Since May of last year I’ve kept tabs on events surrounding the Flat Run excavation at Fleetwood Hill on the Brandy Station battlefield. Readers may recall the landowner there attempted to build a massive pond in order to further his own recreational needs. After the damaging project was brought the attention of the US Army Corps of Engineers and Virgina Department of Historic Resources, the governing agencies, the land owner received a “stop work” order. From there the agencies conducted a full investigation of the damage done to the ground to support a mitigation plan.
In November, the governing agencies released a copy of the final mitigation agreement. Eric Wittenberg has posted the entire, signed, document for all to review. The legal grounds for this mitigation are sound – violations of both the Clean Water Act and the Historic Preservation act. The landowner, identified as Joseph A. “Tony” Troilo, has no room for rebuttal. The agreement requires him to fill in the hole, return the ground to the original grade and elevation. Furthermore Troilo is required to turn over the three acres he damaged to the Brandy Station Foundation.
Oddly, the foundation has seen fit to call this a “victory.” As I pointed out to Eric at the time, this is a Pyrrhic victory at best for the Brandy Station Foundation, and for several reasons. The majority (about 80%) of those three acres were spoiled by Troilo’s activity. An archeological survey of the damage noted, “the pond construction likely had an adverse effect on prehistoric Native American and Civil War era archeological resources.” The Corps of Engineers used the word “obliterated” in describing the impact.
Such is far from minimal damage, is beyond restoration, and is certainly not preservation.
In addition to the damage to the ground, there is damage to the reputation of a preservation organization. And there isn’t a repair plan for that damage. Mike Block was a board member at the time, and resigned over this issue. I invite you to read over his version of events. To me the most telling statement is this one from the board president Joe McKinney:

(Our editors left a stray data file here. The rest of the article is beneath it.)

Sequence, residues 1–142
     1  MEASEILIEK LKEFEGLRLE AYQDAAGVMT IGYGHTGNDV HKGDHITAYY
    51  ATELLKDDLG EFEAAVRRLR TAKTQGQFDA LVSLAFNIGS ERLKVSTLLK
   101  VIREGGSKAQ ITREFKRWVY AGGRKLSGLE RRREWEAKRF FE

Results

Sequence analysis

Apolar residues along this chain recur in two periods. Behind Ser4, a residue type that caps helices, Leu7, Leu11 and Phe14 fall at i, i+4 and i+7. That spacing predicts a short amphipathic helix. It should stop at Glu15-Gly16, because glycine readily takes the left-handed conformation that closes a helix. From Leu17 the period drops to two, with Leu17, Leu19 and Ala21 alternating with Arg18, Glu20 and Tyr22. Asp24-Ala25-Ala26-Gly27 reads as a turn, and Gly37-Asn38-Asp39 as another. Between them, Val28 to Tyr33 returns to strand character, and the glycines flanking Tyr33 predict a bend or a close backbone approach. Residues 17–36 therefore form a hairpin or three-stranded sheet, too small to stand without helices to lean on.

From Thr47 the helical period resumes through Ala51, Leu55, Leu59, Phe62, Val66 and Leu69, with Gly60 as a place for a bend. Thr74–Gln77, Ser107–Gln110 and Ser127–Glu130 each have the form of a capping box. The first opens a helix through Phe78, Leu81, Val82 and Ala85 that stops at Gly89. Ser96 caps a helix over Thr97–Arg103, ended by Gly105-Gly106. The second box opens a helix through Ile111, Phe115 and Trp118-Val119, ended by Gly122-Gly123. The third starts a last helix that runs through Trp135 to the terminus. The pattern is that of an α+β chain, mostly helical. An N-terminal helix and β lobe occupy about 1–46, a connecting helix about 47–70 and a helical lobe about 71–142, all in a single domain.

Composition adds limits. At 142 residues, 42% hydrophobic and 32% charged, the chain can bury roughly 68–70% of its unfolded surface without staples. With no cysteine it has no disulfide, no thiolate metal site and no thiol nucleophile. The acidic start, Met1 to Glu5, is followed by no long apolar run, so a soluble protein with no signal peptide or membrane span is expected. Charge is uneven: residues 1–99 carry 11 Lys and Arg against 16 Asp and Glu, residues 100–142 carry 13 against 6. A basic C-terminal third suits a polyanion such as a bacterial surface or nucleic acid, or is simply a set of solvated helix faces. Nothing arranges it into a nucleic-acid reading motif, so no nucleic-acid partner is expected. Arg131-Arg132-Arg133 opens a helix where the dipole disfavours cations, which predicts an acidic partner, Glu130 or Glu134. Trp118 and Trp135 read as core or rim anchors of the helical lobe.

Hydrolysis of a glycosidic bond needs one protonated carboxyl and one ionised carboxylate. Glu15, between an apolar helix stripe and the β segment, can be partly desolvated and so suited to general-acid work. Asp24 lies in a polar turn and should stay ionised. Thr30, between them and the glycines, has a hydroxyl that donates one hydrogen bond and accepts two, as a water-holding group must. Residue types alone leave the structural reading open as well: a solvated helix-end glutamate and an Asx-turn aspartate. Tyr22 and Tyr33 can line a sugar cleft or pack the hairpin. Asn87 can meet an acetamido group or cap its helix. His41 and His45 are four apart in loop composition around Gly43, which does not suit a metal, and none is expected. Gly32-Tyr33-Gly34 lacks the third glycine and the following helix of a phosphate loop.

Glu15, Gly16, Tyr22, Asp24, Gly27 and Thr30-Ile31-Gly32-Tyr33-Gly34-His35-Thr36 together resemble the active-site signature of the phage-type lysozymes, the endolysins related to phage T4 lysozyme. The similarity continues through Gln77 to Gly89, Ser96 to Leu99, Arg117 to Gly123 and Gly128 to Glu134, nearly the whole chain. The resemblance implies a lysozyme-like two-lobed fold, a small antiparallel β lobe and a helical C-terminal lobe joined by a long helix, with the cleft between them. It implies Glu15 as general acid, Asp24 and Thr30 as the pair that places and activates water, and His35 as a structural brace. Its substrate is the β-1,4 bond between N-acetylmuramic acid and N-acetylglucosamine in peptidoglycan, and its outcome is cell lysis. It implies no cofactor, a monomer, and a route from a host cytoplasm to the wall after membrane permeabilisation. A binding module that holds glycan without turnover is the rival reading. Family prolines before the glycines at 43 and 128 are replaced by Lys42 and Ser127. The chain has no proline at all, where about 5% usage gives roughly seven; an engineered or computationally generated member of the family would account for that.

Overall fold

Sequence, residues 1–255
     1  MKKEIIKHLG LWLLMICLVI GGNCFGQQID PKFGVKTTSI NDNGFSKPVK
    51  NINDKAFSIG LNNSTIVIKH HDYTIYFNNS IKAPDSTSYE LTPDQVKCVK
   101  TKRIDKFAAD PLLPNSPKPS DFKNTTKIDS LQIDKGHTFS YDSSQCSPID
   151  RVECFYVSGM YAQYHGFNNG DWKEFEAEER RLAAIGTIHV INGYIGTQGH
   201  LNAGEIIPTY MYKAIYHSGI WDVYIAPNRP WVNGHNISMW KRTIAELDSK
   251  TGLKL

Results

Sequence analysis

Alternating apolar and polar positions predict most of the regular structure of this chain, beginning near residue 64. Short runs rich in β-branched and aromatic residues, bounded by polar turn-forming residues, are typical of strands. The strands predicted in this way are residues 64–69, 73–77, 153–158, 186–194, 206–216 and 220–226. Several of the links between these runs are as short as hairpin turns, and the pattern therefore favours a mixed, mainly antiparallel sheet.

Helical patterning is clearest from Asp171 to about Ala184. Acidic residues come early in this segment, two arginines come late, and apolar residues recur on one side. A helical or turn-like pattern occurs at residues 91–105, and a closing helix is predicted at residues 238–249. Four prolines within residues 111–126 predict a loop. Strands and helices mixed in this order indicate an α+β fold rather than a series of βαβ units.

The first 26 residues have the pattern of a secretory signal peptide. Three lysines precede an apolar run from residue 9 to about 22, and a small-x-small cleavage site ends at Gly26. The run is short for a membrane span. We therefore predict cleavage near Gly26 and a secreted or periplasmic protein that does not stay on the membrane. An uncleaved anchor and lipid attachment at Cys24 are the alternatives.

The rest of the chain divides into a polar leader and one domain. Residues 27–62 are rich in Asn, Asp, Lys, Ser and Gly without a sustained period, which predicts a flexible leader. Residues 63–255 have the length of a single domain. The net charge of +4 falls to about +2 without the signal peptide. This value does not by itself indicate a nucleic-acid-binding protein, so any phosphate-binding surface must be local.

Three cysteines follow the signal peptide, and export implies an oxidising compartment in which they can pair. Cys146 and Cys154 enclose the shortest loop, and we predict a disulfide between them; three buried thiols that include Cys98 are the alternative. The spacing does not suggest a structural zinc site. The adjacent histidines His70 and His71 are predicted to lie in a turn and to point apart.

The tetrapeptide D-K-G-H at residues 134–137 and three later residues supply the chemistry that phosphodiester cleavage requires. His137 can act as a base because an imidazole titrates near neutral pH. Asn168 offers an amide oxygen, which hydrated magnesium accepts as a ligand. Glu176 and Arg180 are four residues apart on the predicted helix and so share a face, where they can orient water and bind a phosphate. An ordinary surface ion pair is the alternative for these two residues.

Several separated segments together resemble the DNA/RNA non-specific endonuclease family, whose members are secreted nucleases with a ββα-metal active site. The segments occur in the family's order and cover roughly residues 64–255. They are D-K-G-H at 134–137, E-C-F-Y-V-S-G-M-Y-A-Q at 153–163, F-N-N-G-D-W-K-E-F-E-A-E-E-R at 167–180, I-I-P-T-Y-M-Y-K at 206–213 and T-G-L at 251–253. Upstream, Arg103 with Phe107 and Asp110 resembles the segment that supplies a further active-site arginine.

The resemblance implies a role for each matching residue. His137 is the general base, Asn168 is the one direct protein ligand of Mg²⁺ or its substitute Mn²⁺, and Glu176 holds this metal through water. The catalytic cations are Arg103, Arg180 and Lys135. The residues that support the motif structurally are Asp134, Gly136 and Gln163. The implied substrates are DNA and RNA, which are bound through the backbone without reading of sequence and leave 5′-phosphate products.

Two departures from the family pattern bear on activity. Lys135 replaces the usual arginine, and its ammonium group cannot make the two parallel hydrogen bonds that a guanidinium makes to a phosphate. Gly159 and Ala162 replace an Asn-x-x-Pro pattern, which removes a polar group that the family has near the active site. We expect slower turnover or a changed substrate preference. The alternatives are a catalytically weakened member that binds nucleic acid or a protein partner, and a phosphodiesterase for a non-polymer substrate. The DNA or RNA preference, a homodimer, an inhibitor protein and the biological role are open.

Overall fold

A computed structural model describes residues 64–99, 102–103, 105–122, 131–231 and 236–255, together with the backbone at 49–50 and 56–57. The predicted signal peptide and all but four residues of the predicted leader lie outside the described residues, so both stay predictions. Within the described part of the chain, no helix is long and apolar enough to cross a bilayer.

Should we pick the wrong fight, or pick the right fight but mismanage it, we put our organization at risk. We might all pat ourselves on the back for taking a stand, but if in the process we become insolvent we lose everything we have fought for over the years.
For fear of doing the right thing, the foundation’s board didn’t act. They didn’t fight the right fight. And mismanaged the affair. Even with that, the foundation came close to losing what it had gained. Financially speaking, throughout the summer I received frantic appeals for donations since the foundation was not meeting it’s obligations. The wellspring of donations dried up when the foundation stepped away from its preservationist goals. In July the foundation slipped through with an anonymous gift of $20,000. (No speculation, please.)
Further there is the question of the foundation’s officers and their actions when the pond development first came to light. At a minimum, several foundation board members knew something was in the works when bulldozers appeared. McKinney told me personally that he had discussed the issue with Troilo when first noticing the equipment, but determined there were no concerns. McKinney claimed to have presented the matter to the board, who also agreed there were no concerns. Yet, even now the foundation, as seen in the December newsletter, tries to sweep their responsibilities under the rug denying any involvement, “Before starting work, Mr. Troilo checked with the Culpeper County office of planning and zoning and was informed that no additional permits would be required.”
Anyone who has done work in and around historic sites would know the “planning and zoning” office is not the sole arbitrator for such permits. Construction of that lake required a permit, but none was sought. If Troilo had applied for a permit, state and federal organizations would have roundly dismissed the request. Indeed it is the role of the Brandy Station Foundation, as the self appointed steward of the battlefield, to ensure that property owners are directed to the right authorities. And in cases where the property owner does not, the foundation then should (read: is obligated by charter) alert the appropriate authorities. Inaction by the leadership of the foundation speaks to unfamiliarity with the regulations, calling into question the ability of those leaders to hold such positions. Or at least question the advice and direction they are offering to the community, under the guise of a 501(c)-3 organization.
So while the bulldozers ran the foundation avoided the issue publicly, did not alert authorities, and remained on the sidelines for fear of picking the wrong fight. McKinney advised foundation members (including me) not to make the construction an issue. Even after individuals working outside the foundation coordinated with the authorities, resulting in the “stop work” order mentioned above, the Brandy Station Foundation did nothing…. Well nothing save to issue a statement which, for all practical purposes, condoned Troilo’s activity!
At this time last year, the Brandy Station Foundation stood on the high ground as one of the nation’s premier preservation organizations. When folks spoke of preservation victories, they mentioned Brandy Station as the model for success.
But since April of 2011, the new leadership at the foundation has squandered that position. The organization is mired in a hole as deep as the one to be repaired along Flat Run. Certainly nothing deserving of a “pat on the back.”